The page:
BCCI welcomes arrest of suspects involved in alleged fixing of IPL matches
While BCCI refused to have any information regarding match fixing in IPL 2019, the board is open to take actions against the culprits.
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As per the latest developments, the Board of Control for Cricket in India (BCCI) has welcomed the arrest of suspects allegedly involved in fixing Indian Premier League (IPL) games. The Central Bureau of Investigation (CBI) recently received inputs that the results of IPL 2019 were influenced by the betting market and that too with inputs from Pakistan. While BCCI refused to have any information regarding this, the board is open to take actions against the culprits.
It must be noted that CBI has booked seven suspected culprits in connection with two separate cases related to alleged fixing in IPL 2019. CBI also stated that it had got the lead from a source in Pakistan. As per reports, the investigating agency has started a nationwide probe and searched premises in cities like Delhi, Hyderabad, Jaipur and Jodhpur.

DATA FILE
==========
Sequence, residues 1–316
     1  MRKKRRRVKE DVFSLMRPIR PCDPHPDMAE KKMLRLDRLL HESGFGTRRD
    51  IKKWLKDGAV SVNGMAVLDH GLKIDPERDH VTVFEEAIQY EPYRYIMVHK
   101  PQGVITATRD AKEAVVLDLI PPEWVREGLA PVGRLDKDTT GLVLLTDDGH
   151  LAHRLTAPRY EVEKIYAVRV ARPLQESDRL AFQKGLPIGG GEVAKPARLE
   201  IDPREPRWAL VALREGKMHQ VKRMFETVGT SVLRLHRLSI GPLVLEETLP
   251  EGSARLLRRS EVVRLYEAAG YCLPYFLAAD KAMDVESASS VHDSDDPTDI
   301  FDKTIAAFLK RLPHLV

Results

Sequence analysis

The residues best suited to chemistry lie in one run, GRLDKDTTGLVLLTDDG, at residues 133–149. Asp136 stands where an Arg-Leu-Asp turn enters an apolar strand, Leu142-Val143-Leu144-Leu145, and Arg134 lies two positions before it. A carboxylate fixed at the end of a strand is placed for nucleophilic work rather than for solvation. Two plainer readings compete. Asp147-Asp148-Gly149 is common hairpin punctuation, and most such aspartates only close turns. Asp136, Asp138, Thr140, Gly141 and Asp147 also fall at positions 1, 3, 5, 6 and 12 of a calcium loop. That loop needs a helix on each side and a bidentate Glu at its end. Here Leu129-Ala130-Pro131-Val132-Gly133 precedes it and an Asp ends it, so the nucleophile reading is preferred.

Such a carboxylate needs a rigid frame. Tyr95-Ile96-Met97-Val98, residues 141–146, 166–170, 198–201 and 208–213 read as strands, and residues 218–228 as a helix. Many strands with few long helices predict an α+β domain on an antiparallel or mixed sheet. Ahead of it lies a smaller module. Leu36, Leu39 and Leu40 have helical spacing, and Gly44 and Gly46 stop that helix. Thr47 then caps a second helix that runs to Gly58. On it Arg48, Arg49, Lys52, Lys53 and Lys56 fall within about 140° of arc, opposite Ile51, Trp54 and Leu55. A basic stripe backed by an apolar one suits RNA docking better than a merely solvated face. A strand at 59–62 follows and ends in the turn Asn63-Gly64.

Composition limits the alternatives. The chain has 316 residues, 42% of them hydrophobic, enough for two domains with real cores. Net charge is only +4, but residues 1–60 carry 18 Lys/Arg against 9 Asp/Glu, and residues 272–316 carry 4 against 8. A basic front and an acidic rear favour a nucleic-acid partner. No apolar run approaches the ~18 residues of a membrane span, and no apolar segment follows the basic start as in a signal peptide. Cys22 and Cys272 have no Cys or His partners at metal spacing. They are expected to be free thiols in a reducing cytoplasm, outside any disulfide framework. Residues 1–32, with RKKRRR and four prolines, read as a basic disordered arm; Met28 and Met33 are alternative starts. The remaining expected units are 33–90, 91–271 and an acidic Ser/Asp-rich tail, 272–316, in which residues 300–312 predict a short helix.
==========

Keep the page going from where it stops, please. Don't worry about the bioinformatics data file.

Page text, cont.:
We have had no information about any corrupt activity: BCCI official
“We have had no information about any corrupt activity and if the CBI comes into picture, it is good for us. The truth will come out,” a BCCI member, in knowledge of the development, was quoted as saying by Cricbuzz. Notably, this is not the first time that a fixing scandal has emerged in the gala T20 league.
In 2013, three Rajasthan Royals players including former Indian international S Sreesanth were arrested for their alleged involvement in spot-fixing. Moreover, Chennai Super Kings and Rajasthan Royals were banned for two years, 2016 and 2017, as their owners came under the scanner for being involved in fixing and betting.
Meanwhile, the names of culprits arrested in the ongoing case are Dileep Kumar (in Delhi), Gurram Vasu, Gurram Satish (in Hyderabad), Sajjan Singh, Prabhu Lal Meena, Ram Avtar and Amit Kumar Sharma (from Rajasthan).
“In the garb of betting related to IPL matches, they are cheating the general public by inducing them for betting. A part of the money received from the general public in India for such betting activities was also shared with associates based in foreign countries using hawala transactions. As per the information, the said network of individuals are involved in cricket betting since 2013,” the CBI said in the FIR.